Featuring both the Major and Minor Arcana, the set also comes with a helpful 128-page guidebook containing explanations of each card’s meaning and simple spreads that will help you interpret your readings.



I've been reading the tarot for thirty-odd years, and like many readers I have a collection of decks; my own is pretty modest at fewer than a dozen. I've known people who have collections of a hundred or more tarot card decks. Though my collection is small, all of them are cherished for their beauty, unique styles, and being meaningful. My attraction to and fascination with crows and ravens goes all the way back to my earliest childhood. When I saw this particular tarot deck I knew I had to have it.

The artwork and text are the work of Margaux Jones (MJ) Cullinane, who also has a recently published oracle deck with similar artwork called the Urban Crow Oracle deck. The LWB included with this tarot deck is 88 pages, with full explanations of each card in upright and reversed positions, and a suggested layout, The Crow Tarot Spread.



A photo of Melinda Raines’ Tarot Cards James Sawyer


I’ve never believed spiritual practices like tarot card readings were actually accurate or helpful until I tried it for myself last Wednesday.


I have recently had complex negative feelings in which I couldn’t figure out the source, so I came to an intuitive reader in Asheville, Melinda Raines, for a special shadow archetype reading involving tarot



Miscellaneous



Have a special witch in your life? Trying to find something to get them for the holidays? Never fear! We’ve gathered up ten great ideas for witchy gifts. Whether it’s a book, a spell kit, or an experience, these gifts for witches will please even the hardest-to-shop-for witch.



Yegor Aleyev/TASS


‘Maslenitsa’ festivities, ‘svyatki’ fortune telling and bonfires on ‘Kupala Night’ have not lost their relevance in Russia. People have always loved the ceremonial side of these holidays, the roots of which stretch back to paganism.


The Russian Orthodox Church tried to weed out and replace pagan traditions in Russia. Instead of important dates for pagans, they nominated Christian holidays. However, people installed their habitual pagan meanings into these new dates and, in the end, we got a curious symbiosis of Christian ways and pagan beliefs.


Witches



LONDON – This past weekend on November 18, 2023, Witchfest International took place in Croydon in South London at the Fairfield Halls venue. Witchfest International celebrated its 21st anniversary bringing together countless experts on Witchcraft and Wicca, Paganism as well as community leaders and Pagan entertainers who rocked the night until 2AM. Despite the celebrations, the event was greeted on Saturday by a Christian protest group loud enough to disrupt workshops and events while creating worrisome conditions for attendees.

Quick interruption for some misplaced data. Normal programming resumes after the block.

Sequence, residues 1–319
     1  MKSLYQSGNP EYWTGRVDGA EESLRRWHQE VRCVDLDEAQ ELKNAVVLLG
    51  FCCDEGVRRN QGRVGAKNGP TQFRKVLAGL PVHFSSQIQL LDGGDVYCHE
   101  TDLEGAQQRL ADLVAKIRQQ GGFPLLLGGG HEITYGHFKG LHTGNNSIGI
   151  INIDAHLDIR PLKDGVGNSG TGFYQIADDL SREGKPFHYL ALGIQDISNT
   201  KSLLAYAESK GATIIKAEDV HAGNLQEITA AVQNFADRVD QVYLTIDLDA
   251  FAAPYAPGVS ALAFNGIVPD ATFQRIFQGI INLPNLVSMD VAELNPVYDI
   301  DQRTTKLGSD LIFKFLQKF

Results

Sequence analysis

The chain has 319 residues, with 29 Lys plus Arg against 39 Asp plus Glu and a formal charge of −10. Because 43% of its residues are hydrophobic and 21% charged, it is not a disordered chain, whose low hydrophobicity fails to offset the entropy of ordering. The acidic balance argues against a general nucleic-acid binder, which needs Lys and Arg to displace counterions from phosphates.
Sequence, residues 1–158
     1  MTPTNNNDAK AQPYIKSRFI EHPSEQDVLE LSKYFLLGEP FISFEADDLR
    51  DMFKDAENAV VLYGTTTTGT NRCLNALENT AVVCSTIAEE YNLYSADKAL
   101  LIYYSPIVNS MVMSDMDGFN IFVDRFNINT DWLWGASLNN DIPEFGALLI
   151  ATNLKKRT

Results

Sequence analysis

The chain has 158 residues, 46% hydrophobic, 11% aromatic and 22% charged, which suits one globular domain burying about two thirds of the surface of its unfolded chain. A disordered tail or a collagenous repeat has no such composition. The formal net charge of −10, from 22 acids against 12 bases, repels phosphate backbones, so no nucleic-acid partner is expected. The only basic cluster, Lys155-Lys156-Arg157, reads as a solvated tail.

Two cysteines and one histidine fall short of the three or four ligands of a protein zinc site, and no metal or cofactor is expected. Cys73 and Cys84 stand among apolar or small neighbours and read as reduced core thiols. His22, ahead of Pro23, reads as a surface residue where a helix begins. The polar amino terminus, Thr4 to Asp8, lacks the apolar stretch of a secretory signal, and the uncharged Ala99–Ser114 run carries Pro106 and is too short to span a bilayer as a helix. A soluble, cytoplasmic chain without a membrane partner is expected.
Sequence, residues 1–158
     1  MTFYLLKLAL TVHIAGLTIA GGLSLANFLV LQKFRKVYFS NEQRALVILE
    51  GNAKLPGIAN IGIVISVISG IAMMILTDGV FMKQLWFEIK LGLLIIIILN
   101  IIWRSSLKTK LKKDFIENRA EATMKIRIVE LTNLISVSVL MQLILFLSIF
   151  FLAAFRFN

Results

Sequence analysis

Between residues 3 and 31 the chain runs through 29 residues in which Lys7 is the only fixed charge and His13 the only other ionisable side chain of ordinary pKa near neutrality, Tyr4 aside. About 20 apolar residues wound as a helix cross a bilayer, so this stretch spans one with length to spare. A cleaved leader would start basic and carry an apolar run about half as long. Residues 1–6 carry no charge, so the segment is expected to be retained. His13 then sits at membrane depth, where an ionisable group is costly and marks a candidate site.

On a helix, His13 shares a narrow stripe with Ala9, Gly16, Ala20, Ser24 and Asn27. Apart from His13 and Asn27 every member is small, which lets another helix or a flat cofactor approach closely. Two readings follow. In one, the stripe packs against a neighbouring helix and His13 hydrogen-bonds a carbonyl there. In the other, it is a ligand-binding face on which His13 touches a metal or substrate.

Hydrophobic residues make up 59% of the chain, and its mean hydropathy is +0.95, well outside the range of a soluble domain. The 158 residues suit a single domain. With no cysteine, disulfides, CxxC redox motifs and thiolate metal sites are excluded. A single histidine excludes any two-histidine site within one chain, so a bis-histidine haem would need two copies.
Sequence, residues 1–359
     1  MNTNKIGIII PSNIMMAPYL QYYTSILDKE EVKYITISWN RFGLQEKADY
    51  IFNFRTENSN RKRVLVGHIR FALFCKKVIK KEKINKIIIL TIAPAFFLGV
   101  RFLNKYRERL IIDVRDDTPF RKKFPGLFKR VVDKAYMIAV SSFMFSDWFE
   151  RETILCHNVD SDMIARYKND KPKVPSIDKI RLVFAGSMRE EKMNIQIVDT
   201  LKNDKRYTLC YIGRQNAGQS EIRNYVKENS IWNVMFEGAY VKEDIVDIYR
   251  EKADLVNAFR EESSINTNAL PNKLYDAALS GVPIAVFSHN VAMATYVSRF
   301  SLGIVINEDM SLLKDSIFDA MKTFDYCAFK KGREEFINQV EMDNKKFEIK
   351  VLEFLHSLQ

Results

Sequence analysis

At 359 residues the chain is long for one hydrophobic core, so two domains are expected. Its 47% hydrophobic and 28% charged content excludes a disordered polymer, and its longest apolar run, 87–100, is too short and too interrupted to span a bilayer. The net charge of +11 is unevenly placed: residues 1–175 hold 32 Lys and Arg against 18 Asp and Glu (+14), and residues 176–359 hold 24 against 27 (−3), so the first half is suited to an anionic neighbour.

An Irish Catholic laundress known as Goodwife “Goody” Ann Glover, was the last woman to be hanged in Boston in 1688, over claims she was a witch.


It is reported that Goodwife “Goody” Ann Glover was deported to Barbados with her husband during Oliver Cromwell’s occupation of Ireland in the 1650s. Her husband died there as a result of his loyalty to the Catholic faith.

A widow, Glover then moved to Boston with her daughter, where they settled in the North End in the 1680s. There the Irish immigrant got a job as a housekeeper in the home of John Goodwin, where she helped to look after his five children.



Nooka Shepherd, Wyrd Night (2023)Courtesy of Nooka Shepherd

Leonora Carrington, Paula Rego, and more feature in LAMB Gallery’s exploration of the witch as a potent symbol for women artists, past and present


It’s no coincidence that the Surrealist movement emerged out of the chaos of the early 20th century, in a post-war world where thinkers like Sigmund Freud were rewriting what we knew about the links between the mind and the body. It shouldn’t come as a surprise that the movement has stayed the course, either. It continues to resonate as life grows weirder by the day and we continue to pull back the curtain on the myths and mechanisms behind reality, dreams, and the human minds that pull them together.


There’s another, more magic-tinged explanation that’s stuck around through the ages to explain the oddities at the edge of our dreams and reality, though. Witchcraft. From the witch trials of early modern Europe and America, to the resurgence of occult practices online, witchcraft has been tied up with our attempts to explain the unusual happenings in the world around us, especially from a feminist (or, historically, gruesomely anti-feminist) angle, for as long as we can remember.


NOTE: Be sure to click through the gallery of images.



The wind howled, the seas bubbled and in Scotland’s coastal communities where whims of nature could turn swiftly from ally to adversary, someone had to be blamed.

Fuelled with a desperate need to make sense of the changing climate, the violent storms and the tragic loss of lives and vessels it brought, suspicion fell on women.

In a febrile spell of witch hunts, superstition and folklore, weather witches - believed to have magical powers to command the tides, storms and seas – became public enemies to be hunted down, tortured and put to the most painful death.



Credit: wikimedia commons / Welcome Collection Gallery CC BY 4.0


Living on the North Shore in Boston in the fall brings the gorgeous turning of the leaves and pumpkin patches. It is also a time for people to head to nearby Salem, Massachusetts, home of the seventeenth-century infamous witch trials, and visit its popular museum.


Despite a troubled history, there are people today who consider themselves witches. Often, modern witches share their lore, craft, and stories on TikTok and other social media platforms.

As a scholar who works on myth and poetry from ancient Greece and as a native of New England, I have long been fascinated by the cultural conversations about witches. Witch trials in the Americas and Europe were, in part, about enforcing power structures and persecuting the weak. From ancient Greece through Puritan New England, witches functioned as easy targets for cultural anxieties about gender, power, and mortality.